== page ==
- Last Updated: 29 December 2015 29 December 2015
Recently some very BIG news was released by the new Whittemore Peterson Institute in Reno (along with the Cleveland Clinic and the National Cancer Institute). This group has found a relatively new retrovirus (xenotropic murine leukemia virus-related virus, or XMRV) in a group of CFS/ME patients. Whether this retrovirus is a causative agent or simply an opportunistic virus is not yet clear. There will be answers to that important question in the future but what is clear, considering the very impressive media response to the announcement, is that CFS/ME is now both more visible and more believably a biologically caused illness. There is a lot of new interest on the part of scientists and clinicians. Hopefully, new funding will be forthcoming as more researchers get involved in clarifying the nature of the XMRV virus. There is much work to be done but a major step has just occurred.
We have some important Association news of our own! We have been hard at work organizing our membership drive. Membership solicitation will occur in several phases beginning in early November but this announcement enables you to join now! We have described the process below.
Of course a key question is: Why become a member? There are many reasons but we will touch on those we think are key.
- With one major exception (Japan), government support of needed research on and education about CFS/ME, nationally and internationally, has been sadly lacking. We can hope that this will change but many around the world have concluded that CFS/ME patients have waited long enough. Individual and collective efforts, including advocacy and fund raising for research and education, can make a difference. The privately funded Whittemore Peterson Institute, mentioned above, is a wonderful example of what can happen when the CFS/ME community pulls together.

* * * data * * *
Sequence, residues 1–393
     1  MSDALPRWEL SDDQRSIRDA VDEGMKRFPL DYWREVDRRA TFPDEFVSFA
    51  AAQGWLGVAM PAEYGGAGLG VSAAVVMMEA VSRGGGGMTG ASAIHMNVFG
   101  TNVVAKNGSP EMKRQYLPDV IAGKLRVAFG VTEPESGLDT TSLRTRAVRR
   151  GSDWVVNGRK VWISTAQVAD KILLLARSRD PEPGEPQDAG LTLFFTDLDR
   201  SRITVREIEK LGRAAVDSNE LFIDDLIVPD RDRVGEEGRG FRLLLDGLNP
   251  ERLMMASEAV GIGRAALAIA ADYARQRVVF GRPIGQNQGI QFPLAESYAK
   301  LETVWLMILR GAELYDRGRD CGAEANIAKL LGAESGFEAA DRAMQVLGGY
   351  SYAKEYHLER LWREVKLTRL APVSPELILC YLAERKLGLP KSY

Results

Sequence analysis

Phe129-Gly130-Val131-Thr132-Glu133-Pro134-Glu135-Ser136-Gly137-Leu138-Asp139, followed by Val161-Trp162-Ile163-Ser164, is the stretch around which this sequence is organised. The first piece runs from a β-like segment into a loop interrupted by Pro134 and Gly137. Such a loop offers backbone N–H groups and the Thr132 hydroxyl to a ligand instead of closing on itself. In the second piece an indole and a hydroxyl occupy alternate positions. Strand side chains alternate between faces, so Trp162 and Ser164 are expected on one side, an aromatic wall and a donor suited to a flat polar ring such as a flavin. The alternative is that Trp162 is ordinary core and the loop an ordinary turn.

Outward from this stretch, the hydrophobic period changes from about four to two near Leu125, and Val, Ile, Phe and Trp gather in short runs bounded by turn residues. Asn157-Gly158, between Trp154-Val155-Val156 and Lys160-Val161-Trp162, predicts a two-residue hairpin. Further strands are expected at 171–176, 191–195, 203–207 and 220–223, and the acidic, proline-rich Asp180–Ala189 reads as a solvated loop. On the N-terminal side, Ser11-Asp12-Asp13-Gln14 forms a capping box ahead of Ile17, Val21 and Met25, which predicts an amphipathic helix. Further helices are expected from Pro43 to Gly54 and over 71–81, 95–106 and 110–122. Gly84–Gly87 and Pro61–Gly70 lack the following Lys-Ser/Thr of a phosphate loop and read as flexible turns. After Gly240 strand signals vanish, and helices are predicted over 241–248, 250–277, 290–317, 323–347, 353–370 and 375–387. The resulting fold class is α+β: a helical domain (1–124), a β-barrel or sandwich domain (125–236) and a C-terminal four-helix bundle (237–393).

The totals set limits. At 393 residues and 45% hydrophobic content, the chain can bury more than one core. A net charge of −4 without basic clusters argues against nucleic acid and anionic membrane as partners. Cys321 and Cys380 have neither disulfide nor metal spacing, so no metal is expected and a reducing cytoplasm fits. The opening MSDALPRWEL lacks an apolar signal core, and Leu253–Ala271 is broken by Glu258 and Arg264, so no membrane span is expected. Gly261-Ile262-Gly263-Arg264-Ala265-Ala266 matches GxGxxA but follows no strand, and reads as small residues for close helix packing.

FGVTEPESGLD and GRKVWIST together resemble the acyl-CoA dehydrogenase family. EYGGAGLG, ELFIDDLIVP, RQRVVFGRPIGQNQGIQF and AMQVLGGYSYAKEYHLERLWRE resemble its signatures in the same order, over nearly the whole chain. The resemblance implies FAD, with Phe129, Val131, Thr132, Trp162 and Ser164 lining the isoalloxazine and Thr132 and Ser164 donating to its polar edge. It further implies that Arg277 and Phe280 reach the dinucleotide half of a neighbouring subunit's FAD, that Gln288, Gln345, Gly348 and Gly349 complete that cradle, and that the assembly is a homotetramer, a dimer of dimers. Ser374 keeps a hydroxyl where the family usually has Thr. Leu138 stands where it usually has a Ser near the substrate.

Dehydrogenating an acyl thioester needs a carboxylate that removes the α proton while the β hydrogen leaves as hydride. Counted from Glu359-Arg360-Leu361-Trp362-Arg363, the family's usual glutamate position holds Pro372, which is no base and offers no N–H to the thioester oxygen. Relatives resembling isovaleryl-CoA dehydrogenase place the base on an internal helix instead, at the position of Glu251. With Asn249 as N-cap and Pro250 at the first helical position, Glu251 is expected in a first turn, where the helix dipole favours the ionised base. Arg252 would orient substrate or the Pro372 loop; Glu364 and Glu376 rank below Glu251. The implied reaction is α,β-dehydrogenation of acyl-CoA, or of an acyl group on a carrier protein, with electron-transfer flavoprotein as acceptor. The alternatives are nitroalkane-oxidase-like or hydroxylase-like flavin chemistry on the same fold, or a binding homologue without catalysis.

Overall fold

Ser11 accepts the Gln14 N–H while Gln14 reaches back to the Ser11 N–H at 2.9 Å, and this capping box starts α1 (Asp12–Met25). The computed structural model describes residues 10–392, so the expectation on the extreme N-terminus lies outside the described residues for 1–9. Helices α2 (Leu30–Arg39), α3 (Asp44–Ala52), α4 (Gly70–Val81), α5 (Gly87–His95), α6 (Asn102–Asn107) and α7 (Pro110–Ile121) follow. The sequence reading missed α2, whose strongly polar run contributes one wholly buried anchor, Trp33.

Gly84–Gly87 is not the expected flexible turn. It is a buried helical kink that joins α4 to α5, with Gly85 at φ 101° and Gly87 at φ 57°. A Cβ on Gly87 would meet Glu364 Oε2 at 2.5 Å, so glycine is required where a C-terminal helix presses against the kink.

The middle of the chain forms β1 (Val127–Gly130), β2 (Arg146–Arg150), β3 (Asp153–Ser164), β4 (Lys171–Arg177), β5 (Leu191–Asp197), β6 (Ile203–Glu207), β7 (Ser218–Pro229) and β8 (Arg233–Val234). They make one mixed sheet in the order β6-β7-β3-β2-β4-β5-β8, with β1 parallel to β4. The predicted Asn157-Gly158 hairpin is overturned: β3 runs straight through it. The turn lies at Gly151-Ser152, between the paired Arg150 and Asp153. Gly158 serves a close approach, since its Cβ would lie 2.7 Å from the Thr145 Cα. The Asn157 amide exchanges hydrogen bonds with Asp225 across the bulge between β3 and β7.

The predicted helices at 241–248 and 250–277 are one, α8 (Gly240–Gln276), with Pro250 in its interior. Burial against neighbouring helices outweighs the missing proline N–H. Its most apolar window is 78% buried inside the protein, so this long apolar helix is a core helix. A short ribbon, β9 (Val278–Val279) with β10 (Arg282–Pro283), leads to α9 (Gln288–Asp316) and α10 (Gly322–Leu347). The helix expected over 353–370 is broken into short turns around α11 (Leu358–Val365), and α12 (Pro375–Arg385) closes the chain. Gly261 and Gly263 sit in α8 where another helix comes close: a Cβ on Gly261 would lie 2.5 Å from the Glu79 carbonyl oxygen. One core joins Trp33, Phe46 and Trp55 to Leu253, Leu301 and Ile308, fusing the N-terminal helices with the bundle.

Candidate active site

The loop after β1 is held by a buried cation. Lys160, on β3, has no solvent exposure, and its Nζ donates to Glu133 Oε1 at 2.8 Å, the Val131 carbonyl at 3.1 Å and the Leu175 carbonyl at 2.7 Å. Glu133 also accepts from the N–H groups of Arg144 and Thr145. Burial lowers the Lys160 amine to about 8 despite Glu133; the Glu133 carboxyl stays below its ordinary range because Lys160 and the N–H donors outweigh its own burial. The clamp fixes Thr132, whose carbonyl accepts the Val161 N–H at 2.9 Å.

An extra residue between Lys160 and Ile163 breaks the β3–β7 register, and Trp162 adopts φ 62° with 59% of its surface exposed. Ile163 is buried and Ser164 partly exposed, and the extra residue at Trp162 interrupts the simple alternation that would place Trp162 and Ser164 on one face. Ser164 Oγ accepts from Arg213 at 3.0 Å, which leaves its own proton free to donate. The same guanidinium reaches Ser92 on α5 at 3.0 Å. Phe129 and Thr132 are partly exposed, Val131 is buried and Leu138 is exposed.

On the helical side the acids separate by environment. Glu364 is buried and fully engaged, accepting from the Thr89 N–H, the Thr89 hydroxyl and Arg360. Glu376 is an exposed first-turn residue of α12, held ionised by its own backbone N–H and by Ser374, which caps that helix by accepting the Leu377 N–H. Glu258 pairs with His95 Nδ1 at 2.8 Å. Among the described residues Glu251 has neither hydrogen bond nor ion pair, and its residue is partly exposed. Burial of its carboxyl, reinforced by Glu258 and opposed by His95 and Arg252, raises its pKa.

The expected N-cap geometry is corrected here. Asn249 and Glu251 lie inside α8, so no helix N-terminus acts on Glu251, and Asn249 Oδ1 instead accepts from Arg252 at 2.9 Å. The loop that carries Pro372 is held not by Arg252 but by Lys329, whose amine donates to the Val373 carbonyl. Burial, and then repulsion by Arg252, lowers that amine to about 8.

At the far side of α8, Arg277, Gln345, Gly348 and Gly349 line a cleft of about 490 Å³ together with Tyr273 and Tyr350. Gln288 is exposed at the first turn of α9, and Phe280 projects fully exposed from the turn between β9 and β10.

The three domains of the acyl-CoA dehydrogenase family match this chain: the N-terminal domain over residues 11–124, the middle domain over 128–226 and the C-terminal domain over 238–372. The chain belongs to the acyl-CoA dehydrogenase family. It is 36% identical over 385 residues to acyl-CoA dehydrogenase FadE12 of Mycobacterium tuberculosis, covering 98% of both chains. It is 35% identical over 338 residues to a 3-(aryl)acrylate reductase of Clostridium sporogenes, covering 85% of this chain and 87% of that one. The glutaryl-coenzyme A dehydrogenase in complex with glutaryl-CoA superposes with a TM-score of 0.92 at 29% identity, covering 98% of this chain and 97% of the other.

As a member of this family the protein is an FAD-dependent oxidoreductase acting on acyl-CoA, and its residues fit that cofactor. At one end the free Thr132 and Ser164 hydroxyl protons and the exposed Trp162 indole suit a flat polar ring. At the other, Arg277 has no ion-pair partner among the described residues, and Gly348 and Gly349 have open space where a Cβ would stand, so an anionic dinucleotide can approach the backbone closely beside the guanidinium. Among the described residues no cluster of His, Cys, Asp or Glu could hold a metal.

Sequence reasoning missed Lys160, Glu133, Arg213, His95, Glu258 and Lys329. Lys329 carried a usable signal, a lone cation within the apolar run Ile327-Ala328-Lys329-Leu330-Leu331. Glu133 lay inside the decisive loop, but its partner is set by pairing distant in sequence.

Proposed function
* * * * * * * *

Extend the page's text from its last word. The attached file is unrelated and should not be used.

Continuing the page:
- We are a volunteer organization but in order to carry out our work there are a number of expenses, for example: telephone service for our Information Line, postage and post office box, telephone conference calling for our committees, and occasional website technical assistance. In order to continue our services–the Info Line, physician referral, support groups, dissemination of information and advocacy–we need to receive both membership dues and donations.
- While we hope to contribute to the national efforts, we here in Massachusetts also have a chance to be heard and to have a significant impact on the legislature, our four medical schools, our departments of health and education, and the media. For this to occur we must grow. The first thing legislators and agencies ask is "how big is your group." The more members we have the greater our voice and potential impact.
- We have received many requests to sponsor lectures and panels as we did in the past. Not only was much information provided, doing so gave us all an opportunity to meet with each other, to give and get feedback, to discuss important issues, and to vote for your officers and Board. As there are a number of new developments as well as a number of potential interesting speakers, reviving the lectures/meetings is natural next step. Our membership will be notified first. We have just asked one of our Board members to head up a committee to restart our lectures/meetings. We will keep you posted.
Now that we have updated our computer systems, including the website, applying for membership is easy. Just click on the link below and fill out the simple form. The requested membership donation ($25) can be paid online. Your donation is tax deductible. We don't want to exclude anyone because of financial hardship, so, if necessary, request the fee waiver which will provide criteria and instructions.
Please join us today! Becoming a member is a positive action that can benefit you.
Alan Gurwitt, M.D.